Sunday, May 11, 2014

Chick Flick Deconstruction: Practical Magic (Part Three)

Last time on Practical Magic: the aunts are evil, sisterhood happens, and an abusive asshole gets killed. Twice. It was lovely.

Wait, isn't this a romantic comedy?




So it is!

(Content note: partner abuse, gendered slurs, Jimmy gets killed some more, and wouldn't you know it, even more magical removal of agency)



But first, actually interesting things happen.

Soon after the misadventure with Jimmy, the aunts come home from their outing and are delighted to find Gillian has moved back in. To the characters' credit, they notice her bruises and correctly assume they were caused by physical abuse, and they don't put Gillian on the spot. Just like Sally did, their first reaction is to make sure she knows that she is welcome and loved, and they make it clear, once, that they know what happened and they support her. It's quietly assumed that Gillian can confide in them should she choose to, but nobody pressures her for explanations or blames her for falling for an abusive man. This is twice now that the movie does this, and I'm a complete and utter sucker for this type of interaction. It's just very subtle, very real, and very inspiring, a textbook example of how to be there for an abuse survivor in a kind and loving way.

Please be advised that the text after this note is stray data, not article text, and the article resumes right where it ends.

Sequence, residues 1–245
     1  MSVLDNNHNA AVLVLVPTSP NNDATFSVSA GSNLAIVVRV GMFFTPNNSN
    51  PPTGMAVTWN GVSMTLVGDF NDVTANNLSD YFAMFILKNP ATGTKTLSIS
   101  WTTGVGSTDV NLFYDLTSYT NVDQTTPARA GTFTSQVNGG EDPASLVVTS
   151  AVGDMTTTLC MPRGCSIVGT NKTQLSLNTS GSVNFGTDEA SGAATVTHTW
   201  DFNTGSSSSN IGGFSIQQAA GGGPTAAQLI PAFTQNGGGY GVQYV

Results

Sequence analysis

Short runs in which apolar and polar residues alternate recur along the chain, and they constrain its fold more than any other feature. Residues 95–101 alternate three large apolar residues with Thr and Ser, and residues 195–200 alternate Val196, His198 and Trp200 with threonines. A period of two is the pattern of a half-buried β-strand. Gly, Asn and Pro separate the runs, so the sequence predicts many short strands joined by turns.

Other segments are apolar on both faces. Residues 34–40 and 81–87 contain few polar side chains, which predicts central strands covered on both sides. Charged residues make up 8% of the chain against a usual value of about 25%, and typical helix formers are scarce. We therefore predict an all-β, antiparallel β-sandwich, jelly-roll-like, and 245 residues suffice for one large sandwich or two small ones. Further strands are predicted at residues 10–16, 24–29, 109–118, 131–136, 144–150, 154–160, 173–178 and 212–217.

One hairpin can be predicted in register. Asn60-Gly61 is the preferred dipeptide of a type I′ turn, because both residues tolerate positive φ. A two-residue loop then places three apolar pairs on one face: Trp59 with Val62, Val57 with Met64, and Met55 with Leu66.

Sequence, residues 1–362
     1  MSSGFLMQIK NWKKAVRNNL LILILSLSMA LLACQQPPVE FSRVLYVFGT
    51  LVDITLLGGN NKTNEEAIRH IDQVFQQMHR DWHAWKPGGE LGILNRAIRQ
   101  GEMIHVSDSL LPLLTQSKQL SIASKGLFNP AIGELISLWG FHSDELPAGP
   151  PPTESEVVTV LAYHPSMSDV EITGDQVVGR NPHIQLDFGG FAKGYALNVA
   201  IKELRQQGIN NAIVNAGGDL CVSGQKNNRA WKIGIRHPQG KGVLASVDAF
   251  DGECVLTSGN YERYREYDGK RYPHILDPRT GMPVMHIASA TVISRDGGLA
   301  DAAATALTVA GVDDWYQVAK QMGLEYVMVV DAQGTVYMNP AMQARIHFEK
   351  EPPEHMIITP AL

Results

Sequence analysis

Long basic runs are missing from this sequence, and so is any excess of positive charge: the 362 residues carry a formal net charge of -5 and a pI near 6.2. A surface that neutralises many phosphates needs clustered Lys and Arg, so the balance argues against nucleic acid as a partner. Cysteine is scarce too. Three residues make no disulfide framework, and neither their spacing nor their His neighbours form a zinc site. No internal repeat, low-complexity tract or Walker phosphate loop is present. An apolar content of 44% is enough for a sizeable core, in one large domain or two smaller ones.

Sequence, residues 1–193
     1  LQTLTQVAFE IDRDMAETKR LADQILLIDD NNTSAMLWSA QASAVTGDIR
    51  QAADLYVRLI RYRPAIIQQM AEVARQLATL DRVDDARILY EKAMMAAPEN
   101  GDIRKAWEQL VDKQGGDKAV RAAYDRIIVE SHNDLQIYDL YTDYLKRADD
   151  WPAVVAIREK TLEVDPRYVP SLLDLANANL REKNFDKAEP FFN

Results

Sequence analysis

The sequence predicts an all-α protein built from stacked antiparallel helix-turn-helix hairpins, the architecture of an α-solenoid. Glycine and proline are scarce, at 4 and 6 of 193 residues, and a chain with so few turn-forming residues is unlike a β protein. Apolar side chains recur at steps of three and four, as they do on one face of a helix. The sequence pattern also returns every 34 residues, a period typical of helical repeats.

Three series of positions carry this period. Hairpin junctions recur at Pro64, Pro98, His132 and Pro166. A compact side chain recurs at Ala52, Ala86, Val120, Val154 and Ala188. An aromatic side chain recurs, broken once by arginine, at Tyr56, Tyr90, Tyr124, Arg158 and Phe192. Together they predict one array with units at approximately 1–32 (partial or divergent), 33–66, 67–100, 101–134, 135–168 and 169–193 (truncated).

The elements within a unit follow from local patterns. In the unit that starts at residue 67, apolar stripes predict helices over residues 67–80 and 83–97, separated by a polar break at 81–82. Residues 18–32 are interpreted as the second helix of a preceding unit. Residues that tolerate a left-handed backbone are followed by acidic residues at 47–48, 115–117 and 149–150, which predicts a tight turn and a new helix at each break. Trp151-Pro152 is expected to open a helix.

Then, Midnight Margaritas.




The four women get to drinking heavily and opening up in that boisterous way drunk people do. The scene starts out as pretty much a chick flick cliche: women dancing to silly pop songs and drinking, cackling about men and their man-appendages, and it continues in that vein, until they're around the table. They're drunk, they're unfiltered, and slightly mean things start slipping into the conversation. Gillian makes fun of Sally for "ending up a frigid old hag." The aunts tease her about the love spell they "had" to cast on her to get her to open her legs. The word "slut" is dropped several times, and it starts getting weird after a while. It goes from unfiltered drunk teasing to hurtful jabs very gradually. It's utterly surreal and it really does sneak up on you. It took me (and the characters) a while to realize that the tequila bottle on the table was actually Jimmy's bottle that the aunts found on the porch. It's implied that it's his misogynist attitude, his thoughts and vocabulary that are slipping into these women's minds and words, and it's fucking terrifying.